Google Apps gained a lot of momentum primarily because users found it to be an easy, low-cost way to share documents across the Web with people both inside and outside the company.
That created a unique level of functionality that Microsoft really couldn’t match until it started making Microsoft Office 365 available just over a year ago. Now that Office 365 has been available for a year, it’s starting to look like Microsoft is gaining some traction in efforts to stem defections to Google Apps.
According to Kirk Gregersen, corporate vice president of the Microsoft Office division, Office 365 is among the fastest-selling products in the history of Microsoft with seats numbering in the millions with customers such as Lowe’s, Burger King, Hallmark Cards and Japan Airlines deploying thousands of seats.
Gregersen says that in addition to taking advantage of the cloud to reduce Office deployment and management costs, end users have been using the Web version of Office 365 as an adjunct to the online version of Office 365 based on a rich client. That Web client version, says Gregersen, gives users the collaboration capabilities they need across the Web without having to sacrifice the rich features of Microsoft Office that most end users rely on. In fact, Gregersen says that capability is bringing users of Google Apps back to the Microsoft fold “in droves” because people want to use features in PowerPoint, for example, that they have come to depend on.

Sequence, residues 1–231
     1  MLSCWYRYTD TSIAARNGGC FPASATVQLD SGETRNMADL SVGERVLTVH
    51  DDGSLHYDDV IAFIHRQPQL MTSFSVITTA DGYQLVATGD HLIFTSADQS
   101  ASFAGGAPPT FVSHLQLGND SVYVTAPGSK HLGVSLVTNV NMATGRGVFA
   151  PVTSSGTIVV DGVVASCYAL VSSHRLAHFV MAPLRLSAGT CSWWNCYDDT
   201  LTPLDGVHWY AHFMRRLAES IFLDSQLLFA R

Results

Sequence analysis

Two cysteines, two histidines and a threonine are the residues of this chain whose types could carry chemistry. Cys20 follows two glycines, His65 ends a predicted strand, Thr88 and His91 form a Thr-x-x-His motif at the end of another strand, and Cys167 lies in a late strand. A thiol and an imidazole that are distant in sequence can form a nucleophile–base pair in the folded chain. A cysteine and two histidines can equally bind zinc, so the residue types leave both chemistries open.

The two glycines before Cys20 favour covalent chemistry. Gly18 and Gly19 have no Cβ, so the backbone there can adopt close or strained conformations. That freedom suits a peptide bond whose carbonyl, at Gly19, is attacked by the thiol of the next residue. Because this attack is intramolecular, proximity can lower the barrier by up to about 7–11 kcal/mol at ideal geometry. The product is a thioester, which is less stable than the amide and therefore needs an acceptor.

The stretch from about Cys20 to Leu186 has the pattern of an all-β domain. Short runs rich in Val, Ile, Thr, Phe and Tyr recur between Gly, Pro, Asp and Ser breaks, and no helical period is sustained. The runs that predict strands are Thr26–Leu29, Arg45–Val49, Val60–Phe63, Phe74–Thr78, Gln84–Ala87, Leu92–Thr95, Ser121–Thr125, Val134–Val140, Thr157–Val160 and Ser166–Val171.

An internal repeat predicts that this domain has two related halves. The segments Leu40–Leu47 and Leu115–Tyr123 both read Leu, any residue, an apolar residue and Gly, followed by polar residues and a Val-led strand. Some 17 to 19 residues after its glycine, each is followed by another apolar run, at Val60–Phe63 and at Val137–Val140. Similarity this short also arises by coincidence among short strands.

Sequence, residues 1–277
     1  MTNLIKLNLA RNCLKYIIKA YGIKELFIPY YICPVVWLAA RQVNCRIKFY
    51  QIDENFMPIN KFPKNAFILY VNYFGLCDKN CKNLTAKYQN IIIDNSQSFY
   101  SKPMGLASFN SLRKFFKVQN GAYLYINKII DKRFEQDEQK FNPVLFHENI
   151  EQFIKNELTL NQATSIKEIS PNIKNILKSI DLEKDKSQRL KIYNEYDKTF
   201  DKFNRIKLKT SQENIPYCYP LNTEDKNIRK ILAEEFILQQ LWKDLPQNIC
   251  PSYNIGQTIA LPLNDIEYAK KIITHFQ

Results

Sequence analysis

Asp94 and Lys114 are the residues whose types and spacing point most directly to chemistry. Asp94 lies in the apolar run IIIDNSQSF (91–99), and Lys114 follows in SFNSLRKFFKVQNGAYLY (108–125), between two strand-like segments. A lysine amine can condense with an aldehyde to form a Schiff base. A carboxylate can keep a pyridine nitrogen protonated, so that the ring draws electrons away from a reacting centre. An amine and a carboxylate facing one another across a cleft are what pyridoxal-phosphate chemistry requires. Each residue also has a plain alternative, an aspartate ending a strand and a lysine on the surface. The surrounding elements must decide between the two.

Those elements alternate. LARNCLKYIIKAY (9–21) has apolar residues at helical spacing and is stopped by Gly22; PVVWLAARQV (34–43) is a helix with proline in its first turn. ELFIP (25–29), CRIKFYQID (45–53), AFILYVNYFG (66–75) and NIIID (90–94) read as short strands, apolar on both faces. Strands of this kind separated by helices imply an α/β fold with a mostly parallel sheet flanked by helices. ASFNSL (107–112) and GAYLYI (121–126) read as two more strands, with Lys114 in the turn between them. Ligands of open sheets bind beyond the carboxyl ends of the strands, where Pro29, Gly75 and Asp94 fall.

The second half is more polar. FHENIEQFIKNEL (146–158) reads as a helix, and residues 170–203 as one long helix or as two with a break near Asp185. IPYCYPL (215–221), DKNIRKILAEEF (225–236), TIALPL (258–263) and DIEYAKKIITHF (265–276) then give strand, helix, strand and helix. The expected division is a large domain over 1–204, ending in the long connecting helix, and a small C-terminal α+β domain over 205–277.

Microsoft is, of course, also taking advantage of its considerable ecosystem of resellers, consultants and integrators to drive adoption of Office 365. While it’s taken a while for that to happen, an implication of that effort is Microsoft finally hitting its Office 365 sales stride.
Productivity applications in the cloud may not be for everybody. But it is clear that there are going to soon be tens of millions of people regularly using Office 365 in the cloud who in the past might have only used Google Apps when there wasn’t another accessible alternative available.